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Birds Do It. Bats Do It.
Cooperation is not unique to humans; it is part of nature, down to the cellular level. From these biological blocks, cooperation prevails at every level of the animal kingdom -- ants that march to the same drummer move faster, fish rid other fish of harmful bacteria for a free meal, small birds protect each other from predators, bats that share food survive. According to evolutionary biologists, ... posted on Feb 15 2010, 3,924 reads


Giving Up Texting For Lent
During Lent, the churches typically ask their constituents to refrain from eating meat on Fridays and to pray more regularly. In Italy, though, the church has apparently gotten hip to the hold that technology has on its brethren. The diocese of Modena-Nonantola in Italy in particular is calling for text-messaging-free Fridays as a way for the faithful to at least temporarily rid themselves of rem... posted on Mar 14 2009, 3,038 reads


Estonians Build a Happiness Bank
In times of economic woe, Estonians are banking on ideas to lift their spirits above the gloom and doom of recession with an online "happiness bank" and forums on better governance. In the virtual "happiness bank", people will be able to earn virtual money on their accounts by doing good deeds for those in need. Organisers hope it will give people the idea that doing good is as valuable as earnin... posted on Mar 02 2009, 3,927 reads


100 Most Beautiful Words
Ever wondered what the most beautiful words in the English language are? Dr. Robert Beard, who has been defining words for the last 30 years, shares his top 100.... posted on Feb 04 2009, 44,504 reads


Modern Day Slavery
Most people imagine that slavery died in the 19th century. Since 1817, more than a dozen international conventions have been signed banning the slave trade. Yet, today there are more slaves than at any time in human history. ... posted on Dec 27 2008, 4,298 reads


What Happy People Don't Do
Happy people spend a lot of time socializing, going to church and reading newspapers -- but they don't spend a lot of time watching television, a new study finds. That's what unhappy people do. Although people who describe themselves as happy enjoy watching television, it turns out to be the single activity they engage in less often than unhappy people, said John Robinson, a professor of sociolo... posted on Nov 23 2008, 4,163 reads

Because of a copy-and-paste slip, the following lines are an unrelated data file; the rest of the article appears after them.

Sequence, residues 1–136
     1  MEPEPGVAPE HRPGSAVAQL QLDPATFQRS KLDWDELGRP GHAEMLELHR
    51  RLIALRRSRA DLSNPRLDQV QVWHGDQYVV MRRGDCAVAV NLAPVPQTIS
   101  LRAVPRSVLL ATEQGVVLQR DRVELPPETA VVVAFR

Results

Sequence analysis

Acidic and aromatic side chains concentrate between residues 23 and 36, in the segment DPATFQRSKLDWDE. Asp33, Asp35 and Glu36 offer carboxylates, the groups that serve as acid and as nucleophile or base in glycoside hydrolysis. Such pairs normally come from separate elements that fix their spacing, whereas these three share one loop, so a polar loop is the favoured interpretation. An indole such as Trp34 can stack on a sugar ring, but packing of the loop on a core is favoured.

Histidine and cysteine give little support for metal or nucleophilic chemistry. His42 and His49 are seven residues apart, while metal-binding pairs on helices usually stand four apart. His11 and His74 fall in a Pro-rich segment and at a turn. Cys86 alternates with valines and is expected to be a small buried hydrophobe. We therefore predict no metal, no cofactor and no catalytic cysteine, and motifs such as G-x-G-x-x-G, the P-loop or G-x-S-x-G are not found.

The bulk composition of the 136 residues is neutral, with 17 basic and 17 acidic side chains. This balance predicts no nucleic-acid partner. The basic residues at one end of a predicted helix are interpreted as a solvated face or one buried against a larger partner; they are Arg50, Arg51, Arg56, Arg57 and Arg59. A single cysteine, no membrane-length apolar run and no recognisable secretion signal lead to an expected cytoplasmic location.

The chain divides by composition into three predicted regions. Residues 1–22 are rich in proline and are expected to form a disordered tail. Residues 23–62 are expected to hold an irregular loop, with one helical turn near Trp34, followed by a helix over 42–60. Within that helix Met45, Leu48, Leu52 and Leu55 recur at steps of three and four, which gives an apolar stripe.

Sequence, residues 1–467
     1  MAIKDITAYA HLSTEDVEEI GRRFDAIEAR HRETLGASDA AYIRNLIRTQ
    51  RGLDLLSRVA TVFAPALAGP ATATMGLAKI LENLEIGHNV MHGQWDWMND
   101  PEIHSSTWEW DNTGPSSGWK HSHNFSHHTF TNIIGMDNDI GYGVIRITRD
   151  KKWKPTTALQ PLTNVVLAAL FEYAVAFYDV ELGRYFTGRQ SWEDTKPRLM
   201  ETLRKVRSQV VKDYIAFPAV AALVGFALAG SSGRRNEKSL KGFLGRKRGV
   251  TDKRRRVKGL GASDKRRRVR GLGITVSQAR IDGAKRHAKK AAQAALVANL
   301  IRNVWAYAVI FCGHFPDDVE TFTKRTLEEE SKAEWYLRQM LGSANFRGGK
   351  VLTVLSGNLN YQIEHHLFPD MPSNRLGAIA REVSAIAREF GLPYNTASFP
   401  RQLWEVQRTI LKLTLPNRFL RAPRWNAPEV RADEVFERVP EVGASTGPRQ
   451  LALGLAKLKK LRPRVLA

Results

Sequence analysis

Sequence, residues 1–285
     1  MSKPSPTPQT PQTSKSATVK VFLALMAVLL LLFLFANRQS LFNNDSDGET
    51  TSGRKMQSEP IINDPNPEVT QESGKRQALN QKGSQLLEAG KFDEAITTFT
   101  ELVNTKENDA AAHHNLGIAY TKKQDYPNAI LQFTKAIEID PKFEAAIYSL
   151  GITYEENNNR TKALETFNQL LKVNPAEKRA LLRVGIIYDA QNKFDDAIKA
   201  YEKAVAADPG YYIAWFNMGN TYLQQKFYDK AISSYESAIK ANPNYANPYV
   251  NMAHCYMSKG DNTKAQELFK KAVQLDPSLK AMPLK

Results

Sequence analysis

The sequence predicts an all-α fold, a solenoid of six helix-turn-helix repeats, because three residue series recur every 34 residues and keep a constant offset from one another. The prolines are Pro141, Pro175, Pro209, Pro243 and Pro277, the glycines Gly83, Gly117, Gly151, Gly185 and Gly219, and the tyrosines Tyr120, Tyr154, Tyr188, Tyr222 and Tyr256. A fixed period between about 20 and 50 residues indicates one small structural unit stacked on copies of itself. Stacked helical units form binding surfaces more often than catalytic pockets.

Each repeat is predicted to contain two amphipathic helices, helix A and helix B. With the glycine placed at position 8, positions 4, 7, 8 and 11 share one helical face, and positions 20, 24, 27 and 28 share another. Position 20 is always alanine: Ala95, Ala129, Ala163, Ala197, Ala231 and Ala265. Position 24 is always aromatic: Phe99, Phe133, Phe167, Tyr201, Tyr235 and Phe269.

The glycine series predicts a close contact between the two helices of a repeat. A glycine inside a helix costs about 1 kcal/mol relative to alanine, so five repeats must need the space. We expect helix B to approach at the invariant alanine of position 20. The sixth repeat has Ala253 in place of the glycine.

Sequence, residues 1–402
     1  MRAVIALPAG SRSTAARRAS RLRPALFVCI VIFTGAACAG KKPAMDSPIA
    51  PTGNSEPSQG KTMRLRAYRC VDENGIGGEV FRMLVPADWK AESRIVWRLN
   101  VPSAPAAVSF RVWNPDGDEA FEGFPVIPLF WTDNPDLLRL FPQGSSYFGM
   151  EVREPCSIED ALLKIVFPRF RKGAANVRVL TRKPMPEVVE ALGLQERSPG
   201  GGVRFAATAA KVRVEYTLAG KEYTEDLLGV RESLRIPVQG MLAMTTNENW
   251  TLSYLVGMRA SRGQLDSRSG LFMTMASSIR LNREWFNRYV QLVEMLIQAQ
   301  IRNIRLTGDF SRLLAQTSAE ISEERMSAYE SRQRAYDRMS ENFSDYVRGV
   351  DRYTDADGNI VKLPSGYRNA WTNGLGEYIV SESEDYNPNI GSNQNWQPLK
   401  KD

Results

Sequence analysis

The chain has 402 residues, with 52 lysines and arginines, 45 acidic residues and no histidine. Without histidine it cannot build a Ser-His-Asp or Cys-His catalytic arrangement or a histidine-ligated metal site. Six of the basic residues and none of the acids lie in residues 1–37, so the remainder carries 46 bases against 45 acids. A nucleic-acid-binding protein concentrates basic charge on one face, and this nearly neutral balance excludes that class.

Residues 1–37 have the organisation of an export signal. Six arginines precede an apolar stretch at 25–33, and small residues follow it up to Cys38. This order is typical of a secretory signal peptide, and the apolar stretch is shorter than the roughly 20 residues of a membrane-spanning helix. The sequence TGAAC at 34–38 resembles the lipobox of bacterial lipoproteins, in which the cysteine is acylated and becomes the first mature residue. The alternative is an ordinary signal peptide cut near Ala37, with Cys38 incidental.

Dow Jones Average of Well Being
Staying healthy and happy is a struggle for about half of Americans, according to a massive survey that attempts to measure the nation's general welfare, much like the Dow Jones Industrial Average portrays the health of the stock market. "There's never been anything quite like it," said Daniel Kahneman, a Nobel Prize winner in economic sciences. "You're getting details about what it's like to li... posted on Jun 04 2008, 3,478 reads


Meet the Proverbial Scholar
Paremiology -- the study of proverbs, from the Greek "paroimia." I stumble across this curious word in my background research, but I haven't a clue what it really means until I meet Wolfgang Mieder from the University of Vermont. This animated gentleman has built up a worldwide reputation during his 30-plus years of reveling in the common phrases people use to persuade, humor, or moralize. But the... posted on Mar 06 2008, 2,801 reads


Old Master, Young Genius
Despite Robert Frostís musing about the possibility of veering off toward "the road not taken," he and other artists are, by their inclinations, pretty much destined to follow one of two major pathways to success, contends David Galenson, Professor in Economics at the University of Chicago. Galenson, whose recent work has used economic data to examine the careers of painters, has expanded his work... posted on Dec 06 2007, 1,912 reads


Perils of Praise
"Praise junkie" may just be an expression, unless you pay attention to the recent research of Dr. Robert Cloninger. His studies show that young kids who have been praised too often, develop a chemical need for constant reward. "A person who grows up getting too frequent rewards will not have persistence, because they'll quit when the rewards disappear," Dr. Cloninger concludes. For a few decade... posted on Nov 23 2007, 2,928 reads


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